Cloud storage simplification and abstraction for Node.js

The API documentation of cloud storage providers can be quite intimidating. If you are simply looking for a few straight forward storage actions these extensive APIs might seem a bit overkill. Another hurdle is that storage providers define their own distinctive APIs. That is why we've decided to write an abstraction layer for the APIs of the most-used storage providers that exposes only a limited set of common storage actions. Keywords are abstraction and simplification, as mentioned in the title. A little history The first completely web-based commercial cloud storage was "PersonaLink Service" by AT&T in 1994[1], but the use of cloud storage really took off since Amazon launched S3 in 2006. Today S3 is still one of the most popular cloud storage services. Because Amazon S3 was the first cloud service that got widely adopted, other cloud services implemented the S3 API in their services to be compliant with S3 and make it easier for customers to hop over to their services. As a consequence, the S3 API has more or less become the standard for cloud services. Amazon S3 and other services There are cloud services that use a different API, such as Google Cloud, Microsoft Azure and Backblaze B2, but they also provide tools for easy migration from S3. Google offers tools [2] that are currently only available for Java or Python. And Backblaze has recently added an extra S3 compliant API to their B2 service[3]. We can discern a tendency of convergence towards S3 and while this may or may not be good news, at least it unifies the APIs of some storage providers. However, S3 still is a rather comprehensive API. Testing with local storage In addition to the reasons mentioned above (abstraction and simplification), we wanted a tool that made it possible to use storage on a local disk and storage in the cloud interchangeably. During development, we often use local disk storage to save network calls but we want to be able to seamlessly switch to a cloud service on the production server. How it works Our simplified bare-necessity API is defined in a thin wrapper that forwards all API calls to adapters. There is an adapter for every supported storage type (Amazon, Google, Backblaze and local disk) and based on the configuration the appropriate adapter will be used. The adapters translate the generic API calls to storage specific calls. To make it transparent to the wrapper which adapter is used (necessary for friction-free switching between storage types) the adapters also implement the API methods. This way an API call can be forwarded one-to-one to an adapter, for instance: async listFiles(numFiles?: number): Promise { return this.adapter.listFiles(numFiles); } Another result of this setup is that new adapters can be added very easily, both by ourselves and by others. Some code examples You start by creating an instance of Storage. The constructor requires a configuration object or a configuration url. Both configuration options have their pros and cons, it is also a matter of taste: const config = { type: StorageType.LOCAL, directory: "path/to/folder/bucket", mode: "750", }; const s = new Storage(config); // or const url = "local://path/to/folder/bucket?mode=750"; const s = new Storage(url); Once you have created an instance, you can call all API methods directly on this instance. Note that most methods return promises: const files = await s.listFiles(); There are also some handy introspective methods: s.getType(); // local, gcs, s3 or b2 s.getConfiguration(); // shows the configuration as // provided during instantiation And you can even swith between adapters at runtime, this feature is used in the example application: // local storage const urlLocal = "local://path/to/folder/bucket?mode=750"; // Google Cloud storage const urlGoogle = "gcs://path/to/keyFile.json:projectId@bucketName"; // connect to local storage const s = new Storage(urlLocal); // switch to Google Cloud storage s.switchStorage(urlGoogle); Further reading The code and extensive documentation are available on Github. Please don't hesitate to drop us a line should you have any questions. Links to materials used or mentioned in this blogpost: [1] Wikipedia about cloud storage [2] Google Storage migration from S3 [3] Backblaze announcing S3 support Microsoft announcing S3 support Microsoft Azure and Minio sercer Using Minio to make Google Storage S3 compliant Painting by Jean-Michel Cels (1819–1894) Cloud Study, ca. 1838–42 Oil on cardboard Thaw Collection Painters and clouds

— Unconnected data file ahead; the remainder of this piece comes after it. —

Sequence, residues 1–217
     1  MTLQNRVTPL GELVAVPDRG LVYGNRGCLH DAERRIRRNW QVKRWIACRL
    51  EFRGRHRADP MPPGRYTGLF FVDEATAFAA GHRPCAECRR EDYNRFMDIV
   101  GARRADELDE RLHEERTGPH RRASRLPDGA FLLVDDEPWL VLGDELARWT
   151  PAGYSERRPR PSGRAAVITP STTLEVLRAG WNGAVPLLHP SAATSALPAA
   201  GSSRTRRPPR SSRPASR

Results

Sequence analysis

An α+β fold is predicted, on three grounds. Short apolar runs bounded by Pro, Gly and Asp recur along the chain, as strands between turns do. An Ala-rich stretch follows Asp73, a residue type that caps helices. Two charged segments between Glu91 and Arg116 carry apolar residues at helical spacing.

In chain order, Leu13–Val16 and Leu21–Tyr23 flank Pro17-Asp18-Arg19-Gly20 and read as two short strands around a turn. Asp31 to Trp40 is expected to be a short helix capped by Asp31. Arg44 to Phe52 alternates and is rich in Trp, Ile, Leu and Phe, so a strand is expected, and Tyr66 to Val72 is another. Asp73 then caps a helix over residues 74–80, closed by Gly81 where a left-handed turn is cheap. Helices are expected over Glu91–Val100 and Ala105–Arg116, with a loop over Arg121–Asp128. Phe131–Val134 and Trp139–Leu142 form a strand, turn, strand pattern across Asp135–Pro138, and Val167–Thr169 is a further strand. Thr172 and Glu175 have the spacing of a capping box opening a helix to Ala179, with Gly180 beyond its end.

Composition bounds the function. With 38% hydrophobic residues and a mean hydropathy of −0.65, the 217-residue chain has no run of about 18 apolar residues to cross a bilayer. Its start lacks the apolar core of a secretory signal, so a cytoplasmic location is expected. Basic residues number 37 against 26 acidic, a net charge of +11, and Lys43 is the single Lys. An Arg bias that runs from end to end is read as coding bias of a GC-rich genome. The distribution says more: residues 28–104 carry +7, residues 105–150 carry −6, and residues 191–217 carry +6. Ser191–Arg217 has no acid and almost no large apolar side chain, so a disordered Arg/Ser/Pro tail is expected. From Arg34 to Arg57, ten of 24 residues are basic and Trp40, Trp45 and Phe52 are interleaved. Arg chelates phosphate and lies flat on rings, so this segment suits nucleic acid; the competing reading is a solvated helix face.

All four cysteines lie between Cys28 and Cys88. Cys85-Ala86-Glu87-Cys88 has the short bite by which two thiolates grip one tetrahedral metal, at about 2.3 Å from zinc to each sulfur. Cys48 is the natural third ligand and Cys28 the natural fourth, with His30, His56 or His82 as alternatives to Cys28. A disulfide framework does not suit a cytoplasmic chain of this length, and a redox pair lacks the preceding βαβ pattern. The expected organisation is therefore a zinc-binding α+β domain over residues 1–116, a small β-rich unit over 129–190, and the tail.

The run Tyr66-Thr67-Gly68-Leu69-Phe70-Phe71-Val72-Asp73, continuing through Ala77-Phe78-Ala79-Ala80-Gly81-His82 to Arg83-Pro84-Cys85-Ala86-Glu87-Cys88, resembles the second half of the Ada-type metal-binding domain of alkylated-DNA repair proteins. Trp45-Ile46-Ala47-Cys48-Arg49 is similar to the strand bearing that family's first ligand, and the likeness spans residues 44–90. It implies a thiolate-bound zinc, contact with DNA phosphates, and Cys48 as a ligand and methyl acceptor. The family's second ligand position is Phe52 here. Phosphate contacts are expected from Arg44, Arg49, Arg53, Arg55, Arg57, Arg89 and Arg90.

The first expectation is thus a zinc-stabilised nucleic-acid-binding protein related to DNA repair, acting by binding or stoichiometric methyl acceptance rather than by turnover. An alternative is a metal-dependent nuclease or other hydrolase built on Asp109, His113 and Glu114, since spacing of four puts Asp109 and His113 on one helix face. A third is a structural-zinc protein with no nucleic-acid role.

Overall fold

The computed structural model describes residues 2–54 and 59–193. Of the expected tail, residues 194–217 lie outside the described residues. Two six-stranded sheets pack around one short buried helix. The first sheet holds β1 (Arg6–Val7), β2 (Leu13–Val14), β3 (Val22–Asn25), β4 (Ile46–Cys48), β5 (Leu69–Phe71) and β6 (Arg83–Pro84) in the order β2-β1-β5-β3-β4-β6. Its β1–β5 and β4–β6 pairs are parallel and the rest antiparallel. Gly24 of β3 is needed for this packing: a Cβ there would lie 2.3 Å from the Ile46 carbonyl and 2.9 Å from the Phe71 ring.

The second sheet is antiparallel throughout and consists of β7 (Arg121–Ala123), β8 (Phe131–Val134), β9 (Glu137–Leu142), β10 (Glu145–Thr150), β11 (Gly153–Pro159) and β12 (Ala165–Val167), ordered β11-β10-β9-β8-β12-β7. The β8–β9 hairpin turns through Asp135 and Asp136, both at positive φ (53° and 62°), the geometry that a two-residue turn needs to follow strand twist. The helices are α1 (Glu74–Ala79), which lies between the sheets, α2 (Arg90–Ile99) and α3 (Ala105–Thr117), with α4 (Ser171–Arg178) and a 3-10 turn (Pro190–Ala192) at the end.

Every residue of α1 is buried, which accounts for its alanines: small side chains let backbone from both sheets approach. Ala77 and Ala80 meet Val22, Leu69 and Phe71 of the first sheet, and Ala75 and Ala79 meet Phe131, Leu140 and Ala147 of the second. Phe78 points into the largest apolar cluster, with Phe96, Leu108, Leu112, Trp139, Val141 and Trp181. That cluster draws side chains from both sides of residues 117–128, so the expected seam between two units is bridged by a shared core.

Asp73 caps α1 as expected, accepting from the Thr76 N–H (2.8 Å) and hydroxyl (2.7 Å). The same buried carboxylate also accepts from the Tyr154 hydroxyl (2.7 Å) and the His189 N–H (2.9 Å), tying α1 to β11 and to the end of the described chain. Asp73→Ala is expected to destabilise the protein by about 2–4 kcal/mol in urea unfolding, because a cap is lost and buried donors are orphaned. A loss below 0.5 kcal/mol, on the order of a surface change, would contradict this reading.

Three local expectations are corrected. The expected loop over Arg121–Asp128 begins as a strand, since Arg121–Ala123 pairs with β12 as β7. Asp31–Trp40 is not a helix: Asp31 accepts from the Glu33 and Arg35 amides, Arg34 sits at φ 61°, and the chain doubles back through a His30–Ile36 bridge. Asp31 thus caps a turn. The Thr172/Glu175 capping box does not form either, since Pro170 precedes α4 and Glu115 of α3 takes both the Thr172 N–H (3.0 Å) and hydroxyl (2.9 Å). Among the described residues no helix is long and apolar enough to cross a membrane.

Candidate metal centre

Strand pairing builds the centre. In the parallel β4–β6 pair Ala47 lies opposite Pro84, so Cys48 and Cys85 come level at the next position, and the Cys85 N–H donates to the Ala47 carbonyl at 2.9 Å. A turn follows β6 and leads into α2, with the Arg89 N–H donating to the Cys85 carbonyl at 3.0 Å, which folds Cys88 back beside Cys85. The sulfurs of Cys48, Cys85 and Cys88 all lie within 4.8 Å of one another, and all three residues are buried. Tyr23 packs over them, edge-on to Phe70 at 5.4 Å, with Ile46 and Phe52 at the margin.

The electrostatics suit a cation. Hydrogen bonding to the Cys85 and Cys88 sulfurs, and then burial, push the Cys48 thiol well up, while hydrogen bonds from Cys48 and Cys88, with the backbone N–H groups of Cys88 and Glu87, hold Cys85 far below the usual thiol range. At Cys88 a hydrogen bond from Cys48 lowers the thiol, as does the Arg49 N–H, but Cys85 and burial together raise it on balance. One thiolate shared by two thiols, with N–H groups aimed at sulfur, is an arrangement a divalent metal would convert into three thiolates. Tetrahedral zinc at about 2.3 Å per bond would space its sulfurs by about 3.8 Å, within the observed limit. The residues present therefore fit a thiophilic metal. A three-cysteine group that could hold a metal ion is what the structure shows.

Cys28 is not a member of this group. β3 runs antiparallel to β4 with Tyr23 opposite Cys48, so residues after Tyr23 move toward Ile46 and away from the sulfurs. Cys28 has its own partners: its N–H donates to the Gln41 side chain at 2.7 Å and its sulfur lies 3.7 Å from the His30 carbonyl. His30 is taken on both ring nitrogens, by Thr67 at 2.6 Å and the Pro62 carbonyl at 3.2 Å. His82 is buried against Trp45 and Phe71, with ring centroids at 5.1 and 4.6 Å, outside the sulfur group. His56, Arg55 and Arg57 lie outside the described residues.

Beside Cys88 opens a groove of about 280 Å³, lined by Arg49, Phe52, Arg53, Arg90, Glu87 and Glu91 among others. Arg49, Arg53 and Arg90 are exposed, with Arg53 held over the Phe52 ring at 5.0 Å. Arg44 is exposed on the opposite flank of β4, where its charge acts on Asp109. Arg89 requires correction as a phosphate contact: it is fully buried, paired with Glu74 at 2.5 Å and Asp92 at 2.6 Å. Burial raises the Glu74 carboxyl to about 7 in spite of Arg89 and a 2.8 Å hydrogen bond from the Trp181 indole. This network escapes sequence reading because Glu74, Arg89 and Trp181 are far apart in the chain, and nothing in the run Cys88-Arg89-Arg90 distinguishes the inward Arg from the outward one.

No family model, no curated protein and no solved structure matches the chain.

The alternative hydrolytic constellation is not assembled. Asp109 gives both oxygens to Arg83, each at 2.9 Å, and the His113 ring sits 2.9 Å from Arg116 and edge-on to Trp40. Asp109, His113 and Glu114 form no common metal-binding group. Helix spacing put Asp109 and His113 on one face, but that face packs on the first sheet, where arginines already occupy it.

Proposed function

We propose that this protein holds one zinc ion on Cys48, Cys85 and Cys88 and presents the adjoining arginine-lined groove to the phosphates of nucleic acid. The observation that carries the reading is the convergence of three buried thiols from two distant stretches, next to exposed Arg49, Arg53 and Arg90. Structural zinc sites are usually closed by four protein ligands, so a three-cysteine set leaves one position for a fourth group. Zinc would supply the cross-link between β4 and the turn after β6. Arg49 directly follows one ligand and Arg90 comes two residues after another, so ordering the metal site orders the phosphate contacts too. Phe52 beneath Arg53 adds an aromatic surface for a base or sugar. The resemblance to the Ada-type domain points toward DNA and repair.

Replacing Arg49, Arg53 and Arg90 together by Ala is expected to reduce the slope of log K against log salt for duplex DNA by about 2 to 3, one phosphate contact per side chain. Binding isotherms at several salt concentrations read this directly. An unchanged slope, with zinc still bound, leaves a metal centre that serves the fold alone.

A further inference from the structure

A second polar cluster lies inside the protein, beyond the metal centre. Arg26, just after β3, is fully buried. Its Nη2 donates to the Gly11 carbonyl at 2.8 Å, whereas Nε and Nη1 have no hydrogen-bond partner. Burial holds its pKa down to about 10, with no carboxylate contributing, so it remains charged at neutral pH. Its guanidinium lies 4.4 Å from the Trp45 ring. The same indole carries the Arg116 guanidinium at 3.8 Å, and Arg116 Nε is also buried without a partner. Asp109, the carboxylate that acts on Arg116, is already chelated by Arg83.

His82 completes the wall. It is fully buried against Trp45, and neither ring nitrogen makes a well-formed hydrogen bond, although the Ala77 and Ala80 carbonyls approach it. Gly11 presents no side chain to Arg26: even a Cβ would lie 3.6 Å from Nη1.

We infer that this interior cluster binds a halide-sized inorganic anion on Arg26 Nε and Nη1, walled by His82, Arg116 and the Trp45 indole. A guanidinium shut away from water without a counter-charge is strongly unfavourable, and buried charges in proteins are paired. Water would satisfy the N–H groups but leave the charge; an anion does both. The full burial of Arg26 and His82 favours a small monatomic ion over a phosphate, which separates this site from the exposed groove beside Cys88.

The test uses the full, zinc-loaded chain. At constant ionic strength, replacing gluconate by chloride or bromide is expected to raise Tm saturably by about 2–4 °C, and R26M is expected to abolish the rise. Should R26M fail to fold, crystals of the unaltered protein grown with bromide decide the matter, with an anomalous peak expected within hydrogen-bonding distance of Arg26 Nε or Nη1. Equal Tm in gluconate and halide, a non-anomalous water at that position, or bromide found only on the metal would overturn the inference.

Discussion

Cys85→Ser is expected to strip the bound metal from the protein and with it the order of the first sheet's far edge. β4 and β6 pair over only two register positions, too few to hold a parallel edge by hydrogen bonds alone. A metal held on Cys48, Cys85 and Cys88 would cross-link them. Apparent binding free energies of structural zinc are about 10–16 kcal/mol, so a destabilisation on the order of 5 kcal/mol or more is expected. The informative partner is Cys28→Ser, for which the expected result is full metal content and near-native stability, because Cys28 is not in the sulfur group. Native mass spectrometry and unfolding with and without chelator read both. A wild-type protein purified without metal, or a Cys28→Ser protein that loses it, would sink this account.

Implementing Lempel-Ziv Jaccard Distance (LZJD) in Rust

Henk Dieter
Henk Dieter